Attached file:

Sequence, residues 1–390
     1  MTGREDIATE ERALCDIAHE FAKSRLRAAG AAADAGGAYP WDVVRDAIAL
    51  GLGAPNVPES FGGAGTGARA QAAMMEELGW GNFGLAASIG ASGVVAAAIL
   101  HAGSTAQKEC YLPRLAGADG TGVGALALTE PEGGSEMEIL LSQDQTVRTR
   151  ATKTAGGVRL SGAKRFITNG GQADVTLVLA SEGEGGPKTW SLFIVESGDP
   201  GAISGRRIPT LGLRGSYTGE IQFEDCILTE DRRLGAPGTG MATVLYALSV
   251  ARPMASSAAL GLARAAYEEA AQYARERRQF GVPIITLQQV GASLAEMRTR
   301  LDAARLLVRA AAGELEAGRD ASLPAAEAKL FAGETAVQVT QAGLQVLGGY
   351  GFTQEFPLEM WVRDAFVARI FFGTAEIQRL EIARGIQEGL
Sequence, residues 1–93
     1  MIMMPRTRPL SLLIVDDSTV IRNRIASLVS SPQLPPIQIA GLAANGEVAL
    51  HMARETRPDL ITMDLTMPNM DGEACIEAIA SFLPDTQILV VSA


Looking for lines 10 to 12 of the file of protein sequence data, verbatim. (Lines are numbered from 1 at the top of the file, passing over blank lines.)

Sequence, residues 1–93
     1  MIMMPRTRPL SLLIVDDSTV IRNRIASLVS SPQLPPIQIA GLAANGEVAL
    51  HMARETRPDL ITMDLTMPNM DGEACIEAIA SFLPDTQILV VSA